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In brief: Regulators close Giannoulias bank

Sat., April 24, 2010

Chicago – Regulators shut down the bank owned by Illinois Treasurer Alexi Giannoulias’ family on Friday, setting up an expected but daunting challenge in his bid to keep President Barack Obama’s old Senate seat in Democratic hands.

Broadway Bank, which was heavy into real estate loans and lost $75 million last year, had been given until Monday to raise about $85 million in new capital, but the Federal Deposit Insurance Corp. announced at the close of business Friday that Broadway was among four banks, all in Illinois, that had failed.

Giannoulias, 34, worked at the bank as a senior loan officer until he ran for treasurer four years ago.

Al-Qaida ordered attacks, man says

New York – A New York man said Friday that a plan to attack the city subway system was ordered by al-Qaida leaders two years ago while he was in Pakistan with a friend, a former airport shuttle driver who has admitted to building the homemade explosives in the plot.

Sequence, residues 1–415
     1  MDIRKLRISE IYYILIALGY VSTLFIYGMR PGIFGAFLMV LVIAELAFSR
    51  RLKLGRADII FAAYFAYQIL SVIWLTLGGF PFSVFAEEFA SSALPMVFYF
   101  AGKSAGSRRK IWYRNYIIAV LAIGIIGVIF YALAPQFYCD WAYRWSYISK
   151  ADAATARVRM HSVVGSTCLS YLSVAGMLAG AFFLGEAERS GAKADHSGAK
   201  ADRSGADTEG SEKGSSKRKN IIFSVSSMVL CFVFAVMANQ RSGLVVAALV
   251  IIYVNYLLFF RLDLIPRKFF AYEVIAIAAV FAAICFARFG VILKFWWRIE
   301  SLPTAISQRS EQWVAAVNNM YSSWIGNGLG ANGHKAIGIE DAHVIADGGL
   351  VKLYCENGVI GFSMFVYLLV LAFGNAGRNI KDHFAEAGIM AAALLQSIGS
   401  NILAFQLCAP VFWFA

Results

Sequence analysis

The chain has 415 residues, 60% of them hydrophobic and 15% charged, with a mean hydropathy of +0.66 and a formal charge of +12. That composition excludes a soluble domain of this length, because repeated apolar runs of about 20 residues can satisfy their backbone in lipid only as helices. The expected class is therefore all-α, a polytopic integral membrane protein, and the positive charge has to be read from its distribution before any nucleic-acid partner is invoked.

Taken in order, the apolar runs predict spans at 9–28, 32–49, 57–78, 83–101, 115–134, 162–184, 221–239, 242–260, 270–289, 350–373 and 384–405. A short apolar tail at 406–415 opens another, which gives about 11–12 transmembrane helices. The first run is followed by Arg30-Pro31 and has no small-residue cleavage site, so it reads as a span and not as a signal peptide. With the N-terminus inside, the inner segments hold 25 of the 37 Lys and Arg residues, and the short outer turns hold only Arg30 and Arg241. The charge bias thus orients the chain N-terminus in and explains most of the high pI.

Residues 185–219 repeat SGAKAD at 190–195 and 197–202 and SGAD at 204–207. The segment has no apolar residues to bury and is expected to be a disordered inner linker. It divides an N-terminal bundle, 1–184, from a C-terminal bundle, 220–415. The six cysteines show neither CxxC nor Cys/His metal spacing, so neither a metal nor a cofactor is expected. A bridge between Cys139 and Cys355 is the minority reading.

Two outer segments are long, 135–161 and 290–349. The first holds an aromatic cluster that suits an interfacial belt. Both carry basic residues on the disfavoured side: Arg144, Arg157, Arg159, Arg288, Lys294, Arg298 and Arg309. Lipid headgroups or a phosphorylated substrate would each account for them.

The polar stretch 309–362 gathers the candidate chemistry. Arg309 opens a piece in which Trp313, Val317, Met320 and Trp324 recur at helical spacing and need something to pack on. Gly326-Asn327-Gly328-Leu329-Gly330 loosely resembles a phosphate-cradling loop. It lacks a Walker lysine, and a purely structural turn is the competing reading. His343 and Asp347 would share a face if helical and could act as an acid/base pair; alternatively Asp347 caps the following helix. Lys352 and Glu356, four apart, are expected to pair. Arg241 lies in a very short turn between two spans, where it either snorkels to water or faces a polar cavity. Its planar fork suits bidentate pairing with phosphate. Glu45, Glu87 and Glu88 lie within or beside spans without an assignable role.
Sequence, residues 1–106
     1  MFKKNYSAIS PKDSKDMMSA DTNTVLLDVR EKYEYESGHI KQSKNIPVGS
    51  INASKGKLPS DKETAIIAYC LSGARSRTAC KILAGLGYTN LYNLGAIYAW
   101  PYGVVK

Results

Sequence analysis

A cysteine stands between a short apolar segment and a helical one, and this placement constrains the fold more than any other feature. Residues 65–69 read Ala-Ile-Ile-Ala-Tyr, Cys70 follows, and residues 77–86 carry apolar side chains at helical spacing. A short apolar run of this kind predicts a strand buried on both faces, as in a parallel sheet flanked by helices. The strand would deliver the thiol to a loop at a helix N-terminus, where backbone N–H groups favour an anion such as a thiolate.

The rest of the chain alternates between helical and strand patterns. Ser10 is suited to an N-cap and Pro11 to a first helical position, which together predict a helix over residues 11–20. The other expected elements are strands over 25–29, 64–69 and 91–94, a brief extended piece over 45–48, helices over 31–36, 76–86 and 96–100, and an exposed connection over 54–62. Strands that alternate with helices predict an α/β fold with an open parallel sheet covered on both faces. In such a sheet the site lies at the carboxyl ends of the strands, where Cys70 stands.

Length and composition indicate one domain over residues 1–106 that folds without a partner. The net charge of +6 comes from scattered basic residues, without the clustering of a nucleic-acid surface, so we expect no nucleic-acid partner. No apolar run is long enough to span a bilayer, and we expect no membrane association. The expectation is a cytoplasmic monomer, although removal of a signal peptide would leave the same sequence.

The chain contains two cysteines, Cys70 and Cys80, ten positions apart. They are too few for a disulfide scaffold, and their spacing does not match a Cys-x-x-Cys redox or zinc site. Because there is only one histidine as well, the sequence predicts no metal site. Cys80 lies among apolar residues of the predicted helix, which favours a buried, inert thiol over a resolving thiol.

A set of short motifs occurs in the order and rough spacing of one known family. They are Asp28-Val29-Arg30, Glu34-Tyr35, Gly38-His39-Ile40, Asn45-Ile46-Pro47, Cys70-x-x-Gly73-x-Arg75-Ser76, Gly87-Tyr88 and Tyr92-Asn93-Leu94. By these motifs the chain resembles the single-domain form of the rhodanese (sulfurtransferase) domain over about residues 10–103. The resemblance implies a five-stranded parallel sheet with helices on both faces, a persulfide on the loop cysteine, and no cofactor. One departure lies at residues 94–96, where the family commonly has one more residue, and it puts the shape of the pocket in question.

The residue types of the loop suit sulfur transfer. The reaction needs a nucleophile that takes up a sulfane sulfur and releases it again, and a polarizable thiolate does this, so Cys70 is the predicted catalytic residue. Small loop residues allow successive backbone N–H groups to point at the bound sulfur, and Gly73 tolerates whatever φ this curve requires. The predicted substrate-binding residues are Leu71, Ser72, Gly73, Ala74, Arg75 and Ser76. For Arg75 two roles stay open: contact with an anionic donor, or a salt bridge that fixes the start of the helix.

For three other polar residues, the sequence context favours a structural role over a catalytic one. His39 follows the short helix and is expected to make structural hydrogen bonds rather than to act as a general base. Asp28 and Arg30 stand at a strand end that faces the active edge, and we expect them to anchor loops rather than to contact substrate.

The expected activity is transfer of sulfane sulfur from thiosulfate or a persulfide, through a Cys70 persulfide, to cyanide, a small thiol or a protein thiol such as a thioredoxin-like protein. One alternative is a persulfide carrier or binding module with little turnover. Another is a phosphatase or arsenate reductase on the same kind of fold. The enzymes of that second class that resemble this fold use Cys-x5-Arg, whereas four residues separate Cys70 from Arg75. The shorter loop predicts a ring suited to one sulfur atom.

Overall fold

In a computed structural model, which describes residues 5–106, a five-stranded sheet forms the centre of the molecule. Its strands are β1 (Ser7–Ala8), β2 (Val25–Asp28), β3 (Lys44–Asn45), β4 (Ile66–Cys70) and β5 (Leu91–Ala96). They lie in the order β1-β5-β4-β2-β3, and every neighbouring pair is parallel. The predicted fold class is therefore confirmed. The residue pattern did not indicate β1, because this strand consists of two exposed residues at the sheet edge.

Zarein Ahmedzay, 25, pleaded guilty in federal court in Brooklyn to charges including conspiracy to use weapons of mass destruction in the foiled New York City subway bomb plot from fall 2009.

He said he, admitted plotter Najibullah Zazi, and a third man, previously identified by the government as Adis Medunjanin, met with the leaders in Pakistan in the summer of 2008, where they offered to join the Taliban and fight U.S. forces in Afghanistan.

“They told us we would be more useful if we returned to New York City … to conduct operations,” he said. Asked by the judge what kind of operations, he responded, “Suicide-bombing operations.”

Governor vetoes abortion bills

Oklahoma City – Oklahoma Gov. Brad Henry vetoed two abortion bills Friday that he said are an unconstitutional attempt by the Legislature to insert government into the private lives and decisions of citizens.

One measure would have required women to undergo an intrusive ultrasound and listen to a detailed description of the fetus before getting an abortion. Henry said that legislation is flawed because it does not allow rape and incest victims to be exempted.

The second abortion bill that the governor vetoed Friday was one that would have prohibited pregnant women from seeking damages if physicians withhold important information or provide inaccurate information about their pregnancy.


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